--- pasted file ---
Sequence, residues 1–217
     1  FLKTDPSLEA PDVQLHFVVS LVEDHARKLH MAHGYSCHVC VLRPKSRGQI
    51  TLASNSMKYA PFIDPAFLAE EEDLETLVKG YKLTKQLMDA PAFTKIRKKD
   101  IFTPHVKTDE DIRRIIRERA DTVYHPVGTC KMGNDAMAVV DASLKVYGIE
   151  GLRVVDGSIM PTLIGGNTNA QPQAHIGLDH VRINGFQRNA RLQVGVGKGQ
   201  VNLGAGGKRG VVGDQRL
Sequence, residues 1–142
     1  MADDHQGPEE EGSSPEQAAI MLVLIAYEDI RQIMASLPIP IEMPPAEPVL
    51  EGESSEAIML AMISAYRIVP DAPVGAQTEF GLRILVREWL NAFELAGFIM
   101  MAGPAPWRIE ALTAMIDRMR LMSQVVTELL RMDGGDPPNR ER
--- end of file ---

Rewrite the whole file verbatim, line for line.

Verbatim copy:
Sequence, residues 1–217
     1  FLKTDPSLEA PDVQLHFVVS LVEDHARKLH MAHGYSCHVC VLRPKSRGQI
    51  TLASNSMKYA PFIDPAFLAE EEDLETLVKG YKLTKQLMDA PAFTKIRKKD
   101  IFTPHVKTDE DIRRIIRERA DTVYHPVGTC KMGNDAMAVV DASLKVYGIE
   151  GLRVVDGSIM PTLIGGNTNA QPQAHIGLDH VRINGFQRNA RLQVGVGKGQ
   201  VNLGAGGKRG VVGDQRL
Sequence, residues 1–142
     1  MADDHQGPEE EGSSPEQAAI MLVLIAYEDI RQIMASLPIP IEMPPAEPVL
    51  EGESSEAIML AMISAYRIVP DAPVGAQTEF GLRILVREWL NAFELAGFIM
   101  MAGPAPWRIE ALTAMIDRMR LMSQVVTELL RMDGGDPPNR ER